Unlike those larger-than-life heroes, though, Peter Parker comes off as relatable, rather than aspirational. A huge part of Homecoming‘s appeal is that it lets Peter be – and feel – 15. When he’s not out saving the day, he’s stressing over a party hosted by the coolest girl in school, or building Lego Death Stars with his best friend, Ned (the lovable Jacob Batalon). I’ll leave it to actual kids to judge whether Watts gets the details right. (If Mashable trend pieces are any indication, there aren’t nearly enough fidget spinners in this movie.) But having once been that young myself, I can say with confidence that Watts nails the timeless cornerstones of adolescence: the crippling anxiety mixed with brash confidence, the life-or-death dimensions of a crush, the impatience to grow up.
What really gives Homecoming an edge, though, is its specificity. Watts sets his film in a New York City that actually feels like New York City (there are even bodega cats!), and then fills his cast with big talents who can make the most of tiny roles. You could argue that these stars are being wasted – sequel possibilities aside, why cast Zendaya or Tony Revolori to do that little? – but Homecoming gives them the room to breathe and come alive. Even a boring debate teacher played by Martin Starr will get a line or two that suggests a complicated history and hidden depths. Were Homecoming just another coming-of-age comedy, it’d be a very solid one. You could almost mistake it for one, if it weren’t for repeat appearances by the likes of Iron Man as Peter’s mentor and Vulture as Peter’s nemesis.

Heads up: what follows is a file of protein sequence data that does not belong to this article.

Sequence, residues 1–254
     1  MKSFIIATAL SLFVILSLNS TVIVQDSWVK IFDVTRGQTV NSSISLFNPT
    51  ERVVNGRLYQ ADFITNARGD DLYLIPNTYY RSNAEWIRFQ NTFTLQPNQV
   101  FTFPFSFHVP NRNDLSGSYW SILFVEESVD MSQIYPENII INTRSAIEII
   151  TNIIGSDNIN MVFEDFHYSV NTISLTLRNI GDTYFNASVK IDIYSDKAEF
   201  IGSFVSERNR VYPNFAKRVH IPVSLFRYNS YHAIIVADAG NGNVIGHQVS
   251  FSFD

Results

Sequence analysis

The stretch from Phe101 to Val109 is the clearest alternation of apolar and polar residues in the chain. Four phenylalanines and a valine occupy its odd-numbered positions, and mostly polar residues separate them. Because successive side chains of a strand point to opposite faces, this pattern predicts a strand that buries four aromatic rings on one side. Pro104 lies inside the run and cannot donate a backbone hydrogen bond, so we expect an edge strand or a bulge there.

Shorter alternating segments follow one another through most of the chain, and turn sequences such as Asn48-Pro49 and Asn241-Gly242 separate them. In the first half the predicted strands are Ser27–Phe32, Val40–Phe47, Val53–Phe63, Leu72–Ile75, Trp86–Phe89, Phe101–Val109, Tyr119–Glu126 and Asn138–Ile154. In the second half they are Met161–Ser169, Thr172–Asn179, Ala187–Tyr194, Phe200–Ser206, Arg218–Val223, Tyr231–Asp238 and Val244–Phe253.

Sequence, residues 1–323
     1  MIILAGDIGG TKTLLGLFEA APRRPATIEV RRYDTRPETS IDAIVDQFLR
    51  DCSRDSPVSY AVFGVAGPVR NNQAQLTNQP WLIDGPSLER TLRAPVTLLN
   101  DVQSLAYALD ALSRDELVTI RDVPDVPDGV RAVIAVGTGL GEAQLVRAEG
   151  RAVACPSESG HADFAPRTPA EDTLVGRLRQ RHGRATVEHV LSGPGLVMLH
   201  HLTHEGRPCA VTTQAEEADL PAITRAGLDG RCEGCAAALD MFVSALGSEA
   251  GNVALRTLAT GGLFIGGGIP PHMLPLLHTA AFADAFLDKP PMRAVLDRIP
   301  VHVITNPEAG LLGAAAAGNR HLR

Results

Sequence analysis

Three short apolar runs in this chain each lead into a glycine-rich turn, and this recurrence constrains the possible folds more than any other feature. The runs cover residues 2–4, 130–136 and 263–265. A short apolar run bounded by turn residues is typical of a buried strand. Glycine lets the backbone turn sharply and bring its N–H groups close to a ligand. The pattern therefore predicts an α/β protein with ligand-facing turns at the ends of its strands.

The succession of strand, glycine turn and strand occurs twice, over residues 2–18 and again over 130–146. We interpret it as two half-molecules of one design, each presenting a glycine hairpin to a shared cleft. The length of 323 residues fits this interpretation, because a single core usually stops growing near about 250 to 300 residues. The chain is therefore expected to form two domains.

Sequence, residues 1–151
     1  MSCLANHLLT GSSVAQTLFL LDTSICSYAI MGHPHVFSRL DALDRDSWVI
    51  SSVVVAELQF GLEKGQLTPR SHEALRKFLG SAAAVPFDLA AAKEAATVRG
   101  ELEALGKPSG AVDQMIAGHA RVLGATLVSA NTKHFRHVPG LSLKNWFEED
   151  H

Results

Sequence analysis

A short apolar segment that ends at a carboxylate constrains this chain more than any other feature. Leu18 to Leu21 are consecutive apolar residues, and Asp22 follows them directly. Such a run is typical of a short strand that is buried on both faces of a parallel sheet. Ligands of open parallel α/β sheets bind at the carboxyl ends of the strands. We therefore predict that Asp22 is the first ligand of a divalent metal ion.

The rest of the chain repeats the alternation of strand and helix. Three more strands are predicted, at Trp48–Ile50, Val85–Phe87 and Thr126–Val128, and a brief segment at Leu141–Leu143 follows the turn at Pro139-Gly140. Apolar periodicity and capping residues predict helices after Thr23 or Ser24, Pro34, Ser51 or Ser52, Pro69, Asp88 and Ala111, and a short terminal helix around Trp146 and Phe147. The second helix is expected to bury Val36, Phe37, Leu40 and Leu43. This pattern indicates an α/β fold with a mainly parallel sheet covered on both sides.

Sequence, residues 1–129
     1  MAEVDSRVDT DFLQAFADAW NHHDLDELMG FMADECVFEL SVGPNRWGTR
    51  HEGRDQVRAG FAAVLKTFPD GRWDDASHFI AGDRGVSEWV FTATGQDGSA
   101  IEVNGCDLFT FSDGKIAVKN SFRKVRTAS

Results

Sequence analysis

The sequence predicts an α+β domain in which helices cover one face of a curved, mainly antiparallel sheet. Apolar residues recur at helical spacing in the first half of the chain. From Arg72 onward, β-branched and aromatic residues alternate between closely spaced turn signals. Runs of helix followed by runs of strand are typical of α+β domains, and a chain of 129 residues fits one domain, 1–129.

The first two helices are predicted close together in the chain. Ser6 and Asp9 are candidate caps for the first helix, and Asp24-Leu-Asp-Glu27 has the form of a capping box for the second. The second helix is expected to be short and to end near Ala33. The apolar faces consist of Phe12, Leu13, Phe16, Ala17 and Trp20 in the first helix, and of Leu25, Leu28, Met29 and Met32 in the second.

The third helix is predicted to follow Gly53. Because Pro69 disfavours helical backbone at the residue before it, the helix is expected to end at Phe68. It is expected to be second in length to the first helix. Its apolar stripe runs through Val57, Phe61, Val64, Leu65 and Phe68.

Right, about that. In the same way that Spider-Man is a street-level hero, the Vulture is a street-level villain. He resents that the one percent seems to be colluding with the government to screw over the little guy – it’s just that in his universe, the one percent have supersuits to go with their billions, and the government really is covering up some shady supernatural shit. His motivations may not be righteous, but they’re chillingly recognizable, and Michael Keaton brings an unpredictability that makes him feel real. His Vulture is the best MCU movie villain since Loki.
Which isn’t to say you need to know the MCU front and back to appreciate him – or anything else about Homecoming, for that matter. Diehard fans might find more Easter eggs to enjoy, but by this point even casual viewers have likely absorbed enough of the MCU mythology to get what’s going on. Know who Iron Man is? Captain America? Spider-Man? Get the concept of shared universes? You’re pretty much good.
And that’s the brilliance of Homecoming‘s approach. This film leans hard into its MCU connections, which is probably smart from a marketing standpoint since it’s the most obvious thing separating this Spider-Man from the previous versions. But it does so by simply folding the Avengers into the fabric of everyday life. Spider-Man: Homecoming doesn’t frame the MCU as some alternate universe where superheroes walk among us. It brings Spidey home by showing us that he, and we, have been living in it all along.